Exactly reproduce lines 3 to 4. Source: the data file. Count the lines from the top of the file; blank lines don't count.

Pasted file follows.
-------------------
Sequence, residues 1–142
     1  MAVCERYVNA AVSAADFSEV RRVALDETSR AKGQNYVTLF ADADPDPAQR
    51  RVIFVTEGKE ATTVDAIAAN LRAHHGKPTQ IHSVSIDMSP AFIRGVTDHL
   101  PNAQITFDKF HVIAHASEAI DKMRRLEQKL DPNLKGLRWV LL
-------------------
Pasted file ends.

    51  RVIFVTEGKE ATTVDAIAAN LRAHHGKPTQ IHSVSIDMSP AFIRGVTDHL
   101  PNAQITFDKF HVIAHASEAI DKMRRLEQKL DPNLKGLRWV LL